A man who posted memes about the Hillary Clinton campaign during the 2016 presidential election was found guilty of one charge of conspiring against the right to vote on Friday.
“Douglass Mackey, also known as ‘Ricky Vaughn,’ was convicted today by a federal jury in Brooklyn of the charge of Conspiracy Against Rights stemming from his scheme to deprive individuals of their constitutional right to vote,” reads a statement released by the Eastern District of New York on Friday.
Members of the jury reached the unanimous verdict after a little less than a week of deliberation starting Monday afternoon after a weeklong period of arguments.
Mackey’s online persona, “Ricky Vaughn”—a reference to the sports comedy film “Major League”—had an online following of over 50,000 during the 2016 presidential election that frequently amplified his pro-Republican voice during the 2016 elections.
Mackey was on trial for a charge of allegedly conspiring against people’s right to vote with memes—or generally satirical online images—including one depicting an African American woman standing in front of an “African Americans for Hillary” sign. The meme instructed people to vote by text during the 2016 presidential election.
While the DOJ has prosecuted many other forms of election interference—such as violence, for example—Mackey’s case is a historical first, in that alleged falsehoods are being argued as a form of election interference, Eugene Volokh, a professor at UCLA School of Law specializing in First Amendment Law, told The Epoch Times in an interview earlier in March.
Mackey will be sentenced on Aug. 16, 2023, and faces a maximum of 10 years in prison.
Conspiracy or Satire?
The Department of Justice (DOJ), based on that meme and records of online discussions between Mackey and his peers, charged Mackey with conspiring against the right to vote.
Authorities arrested Mackey in January 2021 on that allegation, and a grand jury indicted him within two weeks of his arrest.
According to the prosecutors’ evidence presented in court, Mackey’s Twitter posts included one that suggested limiting “black turnout,” a statement that prosecutors said supports the charge that Mackey intended to conspire to interfere with the election. On the witness stand, Mackey described it as an “exaggeration.”
But according to Mackey’s defense attorney, that meme and Mackey’s Twitter posts were obvious jokes and cannot be taken as a serious attempt at conspiring against the opposition to Mackey’s preferred political party.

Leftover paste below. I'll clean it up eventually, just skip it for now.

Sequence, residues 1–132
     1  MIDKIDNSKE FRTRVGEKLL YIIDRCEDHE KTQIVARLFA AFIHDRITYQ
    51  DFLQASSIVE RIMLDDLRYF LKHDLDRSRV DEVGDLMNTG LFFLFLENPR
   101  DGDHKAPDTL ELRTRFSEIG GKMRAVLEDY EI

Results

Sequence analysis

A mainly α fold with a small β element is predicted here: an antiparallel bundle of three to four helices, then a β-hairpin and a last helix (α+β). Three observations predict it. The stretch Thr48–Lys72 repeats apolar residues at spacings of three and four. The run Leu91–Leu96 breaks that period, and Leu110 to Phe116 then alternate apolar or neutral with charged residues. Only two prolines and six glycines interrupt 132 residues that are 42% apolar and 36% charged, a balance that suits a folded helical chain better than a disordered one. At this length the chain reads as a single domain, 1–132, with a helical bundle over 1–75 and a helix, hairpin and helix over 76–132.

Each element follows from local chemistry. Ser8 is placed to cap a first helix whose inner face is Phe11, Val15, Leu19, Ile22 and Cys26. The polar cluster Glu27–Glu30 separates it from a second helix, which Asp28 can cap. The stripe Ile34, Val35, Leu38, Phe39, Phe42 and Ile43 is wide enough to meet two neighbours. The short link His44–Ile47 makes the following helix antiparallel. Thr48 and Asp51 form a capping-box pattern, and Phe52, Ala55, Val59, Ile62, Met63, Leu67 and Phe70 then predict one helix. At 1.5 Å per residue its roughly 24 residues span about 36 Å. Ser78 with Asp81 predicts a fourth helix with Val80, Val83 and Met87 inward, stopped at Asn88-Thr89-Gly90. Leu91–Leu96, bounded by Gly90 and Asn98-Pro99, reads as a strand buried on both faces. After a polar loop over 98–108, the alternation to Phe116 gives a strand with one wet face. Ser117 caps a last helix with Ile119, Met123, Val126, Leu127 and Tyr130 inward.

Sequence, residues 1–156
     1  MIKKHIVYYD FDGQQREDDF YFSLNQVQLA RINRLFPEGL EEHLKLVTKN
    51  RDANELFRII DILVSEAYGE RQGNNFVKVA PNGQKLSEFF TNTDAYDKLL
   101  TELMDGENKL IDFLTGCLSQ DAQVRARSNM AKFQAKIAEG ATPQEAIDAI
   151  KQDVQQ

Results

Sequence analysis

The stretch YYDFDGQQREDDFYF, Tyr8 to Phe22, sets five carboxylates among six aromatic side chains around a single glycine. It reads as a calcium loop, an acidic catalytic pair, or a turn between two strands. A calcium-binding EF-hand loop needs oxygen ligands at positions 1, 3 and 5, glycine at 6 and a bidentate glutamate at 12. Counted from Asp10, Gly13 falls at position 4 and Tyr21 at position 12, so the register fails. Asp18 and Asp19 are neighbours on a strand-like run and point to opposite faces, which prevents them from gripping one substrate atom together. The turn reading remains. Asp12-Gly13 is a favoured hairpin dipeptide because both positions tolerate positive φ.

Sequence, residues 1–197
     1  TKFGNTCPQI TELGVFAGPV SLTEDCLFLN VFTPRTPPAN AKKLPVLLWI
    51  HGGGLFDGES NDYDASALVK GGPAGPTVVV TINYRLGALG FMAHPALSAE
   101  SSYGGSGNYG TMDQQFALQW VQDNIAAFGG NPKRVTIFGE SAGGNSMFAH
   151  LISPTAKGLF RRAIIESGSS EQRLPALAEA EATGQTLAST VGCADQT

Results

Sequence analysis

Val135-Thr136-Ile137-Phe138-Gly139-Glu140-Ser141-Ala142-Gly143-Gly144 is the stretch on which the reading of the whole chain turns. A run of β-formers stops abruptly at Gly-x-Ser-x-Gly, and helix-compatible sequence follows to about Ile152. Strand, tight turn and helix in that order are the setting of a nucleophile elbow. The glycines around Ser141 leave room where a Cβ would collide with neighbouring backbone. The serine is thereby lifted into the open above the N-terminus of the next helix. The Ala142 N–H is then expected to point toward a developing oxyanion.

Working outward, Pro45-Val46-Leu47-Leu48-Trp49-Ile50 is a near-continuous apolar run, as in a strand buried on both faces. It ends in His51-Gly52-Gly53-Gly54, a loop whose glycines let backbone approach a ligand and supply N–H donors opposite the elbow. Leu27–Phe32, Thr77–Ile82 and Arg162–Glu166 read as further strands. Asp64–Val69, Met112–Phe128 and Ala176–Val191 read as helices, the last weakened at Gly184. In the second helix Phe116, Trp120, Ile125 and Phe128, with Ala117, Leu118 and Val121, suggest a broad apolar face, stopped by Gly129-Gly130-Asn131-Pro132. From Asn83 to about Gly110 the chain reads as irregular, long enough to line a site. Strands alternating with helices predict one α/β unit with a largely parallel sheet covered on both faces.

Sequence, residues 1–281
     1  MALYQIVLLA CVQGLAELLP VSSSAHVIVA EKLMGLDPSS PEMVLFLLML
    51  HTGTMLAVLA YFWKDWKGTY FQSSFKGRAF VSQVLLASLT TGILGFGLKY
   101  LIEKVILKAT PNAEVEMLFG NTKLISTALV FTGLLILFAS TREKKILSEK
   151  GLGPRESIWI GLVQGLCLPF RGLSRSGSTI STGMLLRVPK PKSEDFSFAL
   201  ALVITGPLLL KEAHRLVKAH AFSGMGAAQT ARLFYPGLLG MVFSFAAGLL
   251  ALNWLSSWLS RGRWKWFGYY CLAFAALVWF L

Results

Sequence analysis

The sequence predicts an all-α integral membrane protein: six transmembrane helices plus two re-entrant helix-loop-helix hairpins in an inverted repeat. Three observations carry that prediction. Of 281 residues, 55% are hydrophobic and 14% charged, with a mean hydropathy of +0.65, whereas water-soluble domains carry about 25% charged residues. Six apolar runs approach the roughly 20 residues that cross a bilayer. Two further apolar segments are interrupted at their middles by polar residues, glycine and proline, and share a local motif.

“Why would someone share a meme that you would vote for POTUS … without disclosing your name … or proving that you are of voting age?” asked Frisch rhetorically, mere moments after the prosecution delivered their opening statements. Frisch said that Mackey’s memes would be satirical in the eyes of a reasonable person.
“That feeling when you haphazardly post a meme and it winds up on cable television,” Frisch quoted a message that Mackey sent to his peers, emphasizing the word “haphazardly.”
Although a material injury—in this case, people’s right to vote being taken away—is not required to establish the conspiracy charge, the government said during the trial that people’s votes were “vaporized” by Mackey’s “digital flyers.”
“On or about and before Election Day 2016, at least 4,900 unique telephone numbers texted ‘Hillary’ or some derivative to the 59925 text number, which had been used in multiple deceptive campaign images tweeted by Mackey and his co-conspirators,” reads the DOJ’s Friday statement.
Mackey’s defense lawyer said the 4,900 texts were sent after Mackey’s Twitter account was suspended and following media reports of Mackey’s memes. Frisch said that the 4,900 texts were sent because of media reports on Mackey’s memes rather than in response to Mackey’s memes.
Plans to Appeal
During the trial, testimony presented by the prosecutors showed that members of the Clinton campaign reported Mackey’s memes to upper-level campaign managers during the 2016 election cycle, but the managers dismissed their concerns. Prosecutors, when confronted by Frisch about this evidence, did not dispute the factual validity of this evidence but noted the Clinton campaign personnel’s evidence should not be considered as evidence for or against the conspiracy charge.